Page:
In Karageorge v. Urlacher, 18 C 3146 (ND IL) the plaintiff was engaged in state court litigation with the father of her child. She then filed a federal lawsuit against Urlacher, his lawyers and the court reporter. She alleged that the court reporter had altered a transcript. Karageorge was pro se, but the district court dismissed the case and granted the court reporter’s motion for Rule 11 sanctions.
It is completely understandable that the child custody proceedings were extremely upsetting to Karageorge. But even considering her pro se status, Karageorge’s distress in connection with those proceedings did not give her license to file a lawsuit making factually dubious and legally unsupportable allegations against a court reporter, forcing her to spend time and money fighting the suit. As the court explained in its dismissal order, Karageorge’s legal theories against Miyuskovich were clearly meritless, Doc. 49 at 2; in fact, Karageorge did not even bother to defend them. Karageorge’s factual allegations against Miyuskovich were neither tested nor debunked in discovery or at summary judgment or trial, but that is only because this case did not make it past the pleading stage. On their face, Karageorge’s factual allegations were extraordinarily farfetched, and given the chance to present supporting evidence in her response to Miyuskovich’s sanctions motion, Karageorge presented none, confirming that they were groundless. Under these circumstances, Rule 11 sanctions are warranted. See Fed. R. Civ. P. 11(b)(2)-(3); Bell v. Vacuforce, LLC, 908 F.3d 1075, 1080-81 (7th Cir. 2018) (affirming sanctions against a party that sought relief based on an “infirm factual foundation”) (internal quotation marks omitted);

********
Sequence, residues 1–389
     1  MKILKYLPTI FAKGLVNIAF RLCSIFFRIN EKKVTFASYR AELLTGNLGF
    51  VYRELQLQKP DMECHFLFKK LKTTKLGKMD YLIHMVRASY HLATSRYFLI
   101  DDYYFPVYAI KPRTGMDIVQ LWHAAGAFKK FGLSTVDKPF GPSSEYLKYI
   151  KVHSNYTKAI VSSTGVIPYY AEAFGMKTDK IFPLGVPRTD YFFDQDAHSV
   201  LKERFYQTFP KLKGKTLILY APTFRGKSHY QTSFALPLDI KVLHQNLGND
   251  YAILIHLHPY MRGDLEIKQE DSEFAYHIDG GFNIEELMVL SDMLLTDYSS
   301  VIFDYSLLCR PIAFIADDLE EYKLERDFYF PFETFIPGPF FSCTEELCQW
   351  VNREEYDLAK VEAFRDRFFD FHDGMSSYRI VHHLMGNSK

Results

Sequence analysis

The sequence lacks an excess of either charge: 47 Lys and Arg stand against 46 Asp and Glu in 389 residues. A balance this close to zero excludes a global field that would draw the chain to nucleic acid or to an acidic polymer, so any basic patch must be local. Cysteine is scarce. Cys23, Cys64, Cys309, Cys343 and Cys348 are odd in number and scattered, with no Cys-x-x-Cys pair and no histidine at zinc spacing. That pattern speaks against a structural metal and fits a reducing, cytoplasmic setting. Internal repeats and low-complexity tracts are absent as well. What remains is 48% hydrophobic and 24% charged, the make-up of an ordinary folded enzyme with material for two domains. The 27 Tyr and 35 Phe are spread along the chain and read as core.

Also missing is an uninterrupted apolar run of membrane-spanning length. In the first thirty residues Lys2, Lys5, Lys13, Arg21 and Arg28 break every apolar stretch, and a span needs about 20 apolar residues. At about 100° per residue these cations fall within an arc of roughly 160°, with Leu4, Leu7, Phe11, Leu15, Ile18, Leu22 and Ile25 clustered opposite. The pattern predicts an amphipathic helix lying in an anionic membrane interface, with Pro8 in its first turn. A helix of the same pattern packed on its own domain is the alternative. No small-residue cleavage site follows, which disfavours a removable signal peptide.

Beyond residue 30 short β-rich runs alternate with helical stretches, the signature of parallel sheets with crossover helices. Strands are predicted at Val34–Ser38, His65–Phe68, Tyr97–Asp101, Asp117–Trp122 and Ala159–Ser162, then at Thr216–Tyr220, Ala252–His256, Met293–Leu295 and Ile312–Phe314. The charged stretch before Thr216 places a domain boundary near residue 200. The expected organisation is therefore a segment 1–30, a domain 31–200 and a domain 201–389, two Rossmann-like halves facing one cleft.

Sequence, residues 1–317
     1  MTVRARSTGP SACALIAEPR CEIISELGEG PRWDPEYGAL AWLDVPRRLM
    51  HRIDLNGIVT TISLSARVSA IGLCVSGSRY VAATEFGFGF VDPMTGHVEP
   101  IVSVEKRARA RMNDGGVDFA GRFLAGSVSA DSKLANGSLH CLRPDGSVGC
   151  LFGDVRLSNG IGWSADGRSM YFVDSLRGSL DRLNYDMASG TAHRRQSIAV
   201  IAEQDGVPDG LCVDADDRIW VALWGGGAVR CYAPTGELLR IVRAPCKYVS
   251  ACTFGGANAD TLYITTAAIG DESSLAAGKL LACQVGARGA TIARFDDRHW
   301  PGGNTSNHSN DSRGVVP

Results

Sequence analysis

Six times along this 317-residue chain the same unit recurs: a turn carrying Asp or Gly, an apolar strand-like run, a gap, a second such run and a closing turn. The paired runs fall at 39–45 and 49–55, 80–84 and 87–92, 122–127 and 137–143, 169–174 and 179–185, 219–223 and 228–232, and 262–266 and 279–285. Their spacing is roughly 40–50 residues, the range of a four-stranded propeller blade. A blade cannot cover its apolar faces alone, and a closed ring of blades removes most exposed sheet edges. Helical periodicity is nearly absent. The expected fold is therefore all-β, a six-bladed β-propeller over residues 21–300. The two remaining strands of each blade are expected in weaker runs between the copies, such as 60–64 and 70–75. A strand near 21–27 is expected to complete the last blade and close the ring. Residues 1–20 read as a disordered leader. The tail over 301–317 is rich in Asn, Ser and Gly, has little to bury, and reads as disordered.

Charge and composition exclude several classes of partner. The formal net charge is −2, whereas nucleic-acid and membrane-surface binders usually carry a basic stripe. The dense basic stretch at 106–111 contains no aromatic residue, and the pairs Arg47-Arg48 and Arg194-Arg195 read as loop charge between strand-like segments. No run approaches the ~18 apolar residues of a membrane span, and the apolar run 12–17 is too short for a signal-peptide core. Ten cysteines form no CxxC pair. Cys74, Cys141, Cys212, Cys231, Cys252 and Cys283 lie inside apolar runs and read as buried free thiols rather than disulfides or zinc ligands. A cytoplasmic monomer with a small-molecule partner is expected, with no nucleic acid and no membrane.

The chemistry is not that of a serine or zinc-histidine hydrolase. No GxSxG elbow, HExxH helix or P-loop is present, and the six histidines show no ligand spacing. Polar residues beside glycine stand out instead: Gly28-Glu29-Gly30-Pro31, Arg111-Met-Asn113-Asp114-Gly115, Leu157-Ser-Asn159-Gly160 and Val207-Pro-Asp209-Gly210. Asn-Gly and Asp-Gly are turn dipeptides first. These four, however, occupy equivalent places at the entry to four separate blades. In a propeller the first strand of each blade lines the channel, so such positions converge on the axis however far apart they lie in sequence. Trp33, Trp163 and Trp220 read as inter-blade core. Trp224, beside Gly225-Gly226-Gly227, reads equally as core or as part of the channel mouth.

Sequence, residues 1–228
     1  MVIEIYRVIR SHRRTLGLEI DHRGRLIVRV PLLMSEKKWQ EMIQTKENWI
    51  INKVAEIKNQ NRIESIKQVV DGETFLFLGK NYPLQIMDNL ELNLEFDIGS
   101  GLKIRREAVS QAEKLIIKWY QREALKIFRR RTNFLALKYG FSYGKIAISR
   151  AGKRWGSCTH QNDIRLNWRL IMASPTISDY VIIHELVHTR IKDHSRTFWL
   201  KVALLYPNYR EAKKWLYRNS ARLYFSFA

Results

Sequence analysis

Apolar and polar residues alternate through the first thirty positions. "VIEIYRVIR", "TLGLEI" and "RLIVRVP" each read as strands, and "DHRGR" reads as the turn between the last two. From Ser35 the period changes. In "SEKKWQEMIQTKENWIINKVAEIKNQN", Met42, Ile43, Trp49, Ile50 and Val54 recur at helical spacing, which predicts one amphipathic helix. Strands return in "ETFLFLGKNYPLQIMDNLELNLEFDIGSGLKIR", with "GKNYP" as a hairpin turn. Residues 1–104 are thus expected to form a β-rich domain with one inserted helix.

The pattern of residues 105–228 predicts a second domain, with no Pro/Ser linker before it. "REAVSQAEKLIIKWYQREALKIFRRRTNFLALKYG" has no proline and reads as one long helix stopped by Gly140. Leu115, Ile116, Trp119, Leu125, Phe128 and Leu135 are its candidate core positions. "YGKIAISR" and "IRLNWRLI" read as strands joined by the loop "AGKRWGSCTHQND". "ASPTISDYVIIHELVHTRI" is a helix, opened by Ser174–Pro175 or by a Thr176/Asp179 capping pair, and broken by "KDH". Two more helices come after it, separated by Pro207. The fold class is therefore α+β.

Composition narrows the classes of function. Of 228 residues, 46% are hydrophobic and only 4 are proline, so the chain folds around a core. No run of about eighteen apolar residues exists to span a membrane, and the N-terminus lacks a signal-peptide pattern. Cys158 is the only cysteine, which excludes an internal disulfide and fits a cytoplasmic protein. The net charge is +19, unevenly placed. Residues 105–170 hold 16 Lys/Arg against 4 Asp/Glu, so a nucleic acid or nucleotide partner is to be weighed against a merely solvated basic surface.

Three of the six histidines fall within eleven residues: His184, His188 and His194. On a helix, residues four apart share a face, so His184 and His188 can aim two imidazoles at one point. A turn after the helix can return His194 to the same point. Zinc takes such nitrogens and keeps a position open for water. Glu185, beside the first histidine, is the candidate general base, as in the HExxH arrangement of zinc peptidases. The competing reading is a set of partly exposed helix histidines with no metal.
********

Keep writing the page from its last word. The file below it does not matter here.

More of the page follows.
Edward X. Clinton, Jr.